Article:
- The Washington Times - Thursday, April 5, 2001

KANSAS CITY, Mo. Mike Bickle is a man with an idea whose time may have finally come.

In 1999, he left his job as senior pastor of a 3,000-member church in Grandview, Mo., to set up an "International House of Prayer" where 12 teams of people pray around the clock for the world.

He's since attracted 150 people to relocate there to work on subsistence salaries. Dozens more are lining up to come, and 5,000 to 10,000 visitors are pouring in from around the world each year.

"The Lord has told us thousands are coming," he says. "But we don't want them to stay here. We want to train them and send them out."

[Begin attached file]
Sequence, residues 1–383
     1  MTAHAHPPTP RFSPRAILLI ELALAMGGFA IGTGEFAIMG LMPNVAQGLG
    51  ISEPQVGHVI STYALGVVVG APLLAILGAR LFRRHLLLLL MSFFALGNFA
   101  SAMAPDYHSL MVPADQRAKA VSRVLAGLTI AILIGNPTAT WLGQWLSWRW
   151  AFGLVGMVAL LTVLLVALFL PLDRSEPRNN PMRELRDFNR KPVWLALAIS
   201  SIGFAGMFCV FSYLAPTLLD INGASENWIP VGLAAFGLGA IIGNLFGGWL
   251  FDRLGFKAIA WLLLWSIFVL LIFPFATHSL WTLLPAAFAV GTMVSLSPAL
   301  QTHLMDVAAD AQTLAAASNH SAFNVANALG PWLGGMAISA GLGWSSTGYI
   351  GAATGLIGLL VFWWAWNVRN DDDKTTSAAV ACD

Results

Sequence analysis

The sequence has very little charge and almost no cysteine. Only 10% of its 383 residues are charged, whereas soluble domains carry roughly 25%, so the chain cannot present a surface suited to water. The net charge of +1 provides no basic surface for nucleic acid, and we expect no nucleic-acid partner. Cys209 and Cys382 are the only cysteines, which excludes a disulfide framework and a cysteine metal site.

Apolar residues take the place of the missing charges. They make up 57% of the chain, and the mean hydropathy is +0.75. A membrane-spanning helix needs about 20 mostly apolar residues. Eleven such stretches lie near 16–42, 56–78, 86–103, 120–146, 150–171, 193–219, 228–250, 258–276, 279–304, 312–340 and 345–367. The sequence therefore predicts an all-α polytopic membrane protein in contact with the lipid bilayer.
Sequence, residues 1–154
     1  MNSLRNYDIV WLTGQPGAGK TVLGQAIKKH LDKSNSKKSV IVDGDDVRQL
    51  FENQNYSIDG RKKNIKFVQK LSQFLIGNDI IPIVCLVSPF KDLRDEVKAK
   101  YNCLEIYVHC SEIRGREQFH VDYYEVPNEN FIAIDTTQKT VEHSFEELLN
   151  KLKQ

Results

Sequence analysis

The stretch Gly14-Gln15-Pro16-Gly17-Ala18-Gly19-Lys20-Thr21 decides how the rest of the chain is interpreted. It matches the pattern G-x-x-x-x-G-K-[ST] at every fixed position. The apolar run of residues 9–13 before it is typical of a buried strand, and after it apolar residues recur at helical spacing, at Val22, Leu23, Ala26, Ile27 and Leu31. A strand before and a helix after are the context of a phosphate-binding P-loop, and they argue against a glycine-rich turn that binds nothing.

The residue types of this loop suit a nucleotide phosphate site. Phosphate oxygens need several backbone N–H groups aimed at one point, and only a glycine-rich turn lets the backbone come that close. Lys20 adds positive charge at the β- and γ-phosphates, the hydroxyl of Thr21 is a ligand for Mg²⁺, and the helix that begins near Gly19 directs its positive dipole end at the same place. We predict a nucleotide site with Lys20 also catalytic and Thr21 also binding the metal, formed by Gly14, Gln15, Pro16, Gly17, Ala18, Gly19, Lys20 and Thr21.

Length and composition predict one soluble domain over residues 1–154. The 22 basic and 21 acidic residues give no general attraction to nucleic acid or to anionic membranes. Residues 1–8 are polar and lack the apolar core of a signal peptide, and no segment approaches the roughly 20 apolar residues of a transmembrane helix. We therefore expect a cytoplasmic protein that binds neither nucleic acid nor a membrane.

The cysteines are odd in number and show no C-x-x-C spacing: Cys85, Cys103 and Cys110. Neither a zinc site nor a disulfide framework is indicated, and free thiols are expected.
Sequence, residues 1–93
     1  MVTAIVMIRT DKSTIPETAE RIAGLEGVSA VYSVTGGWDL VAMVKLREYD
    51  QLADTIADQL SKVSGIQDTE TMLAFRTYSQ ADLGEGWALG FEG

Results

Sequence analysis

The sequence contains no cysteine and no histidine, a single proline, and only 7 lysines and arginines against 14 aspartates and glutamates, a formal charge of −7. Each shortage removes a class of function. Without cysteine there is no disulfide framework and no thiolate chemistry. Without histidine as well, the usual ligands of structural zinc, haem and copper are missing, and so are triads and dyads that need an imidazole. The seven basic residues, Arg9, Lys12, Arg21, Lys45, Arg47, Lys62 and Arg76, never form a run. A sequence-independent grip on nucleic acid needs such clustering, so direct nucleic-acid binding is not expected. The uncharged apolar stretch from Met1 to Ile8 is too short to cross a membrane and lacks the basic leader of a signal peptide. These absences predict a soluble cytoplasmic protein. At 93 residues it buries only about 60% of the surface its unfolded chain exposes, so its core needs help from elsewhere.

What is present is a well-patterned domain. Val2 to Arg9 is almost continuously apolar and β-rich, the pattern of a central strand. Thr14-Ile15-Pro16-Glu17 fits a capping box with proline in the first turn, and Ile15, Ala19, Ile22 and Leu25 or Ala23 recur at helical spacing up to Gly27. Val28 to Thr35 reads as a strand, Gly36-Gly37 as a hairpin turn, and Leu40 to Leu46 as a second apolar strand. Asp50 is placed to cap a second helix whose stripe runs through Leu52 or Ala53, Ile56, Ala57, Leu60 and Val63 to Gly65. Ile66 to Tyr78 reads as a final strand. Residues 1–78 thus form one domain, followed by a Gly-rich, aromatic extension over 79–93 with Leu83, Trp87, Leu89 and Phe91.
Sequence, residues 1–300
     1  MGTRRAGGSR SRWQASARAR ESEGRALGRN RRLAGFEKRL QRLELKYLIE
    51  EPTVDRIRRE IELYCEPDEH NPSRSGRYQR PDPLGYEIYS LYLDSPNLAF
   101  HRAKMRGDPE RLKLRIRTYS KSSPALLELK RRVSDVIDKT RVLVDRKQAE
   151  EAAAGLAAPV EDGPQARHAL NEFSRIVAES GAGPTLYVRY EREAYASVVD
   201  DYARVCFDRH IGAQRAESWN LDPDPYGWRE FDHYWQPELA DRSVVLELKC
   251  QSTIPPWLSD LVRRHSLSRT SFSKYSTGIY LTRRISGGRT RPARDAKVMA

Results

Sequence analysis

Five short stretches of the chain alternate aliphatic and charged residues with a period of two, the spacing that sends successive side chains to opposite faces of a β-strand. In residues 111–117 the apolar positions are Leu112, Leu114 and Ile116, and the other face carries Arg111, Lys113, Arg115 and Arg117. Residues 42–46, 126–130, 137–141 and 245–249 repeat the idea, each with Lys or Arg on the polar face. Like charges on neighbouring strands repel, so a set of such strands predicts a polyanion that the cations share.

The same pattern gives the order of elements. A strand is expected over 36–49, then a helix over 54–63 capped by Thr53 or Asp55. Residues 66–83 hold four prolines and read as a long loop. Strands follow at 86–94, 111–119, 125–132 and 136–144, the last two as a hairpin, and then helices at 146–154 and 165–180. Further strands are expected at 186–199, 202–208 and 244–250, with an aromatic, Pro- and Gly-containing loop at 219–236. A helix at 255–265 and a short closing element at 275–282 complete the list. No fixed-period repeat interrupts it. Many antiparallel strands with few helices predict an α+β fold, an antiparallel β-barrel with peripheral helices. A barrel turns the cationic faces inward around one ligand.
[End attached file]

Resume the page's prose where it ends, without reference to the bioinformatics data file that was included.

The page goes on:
He's thinking big 100,000 IHOP "missionaries" tied to 100 prayer centers around the world. There are already start-ups in Dallas; San Diego; Colorado Springs; Chicago; and Vancouver, British Columbia.

When the ministry planned a recent conference in downtown Kansas City for 1,500, more than 3,000 people registered, forcing organizers to relocate the venue to the much larger Bartle Hall. Many of the participants were young, single people looking for a more challenging Christianity. IHOP's Web site (www.ihopkc.com) offers 10-month internships to equip Gen Xers with "extravagant devotion to Jesus."

Some of them had already moved to Kansas City to join Mr. Bickle's experiment. Formerly a missionary in Poona, India, Leasa Young, 33, was captivated by the idea of praying for more than 4 billion of the world's non-Christians in a setting that emphasized massive doses of worship music and prayer.

Her supporters were not as amused. When she switched to IHOP, she lost all except $50 of their monthly donations.

"I really believe this is what [God] called me to for this season of my life," she says. "It's an adventure as to where the money will come from."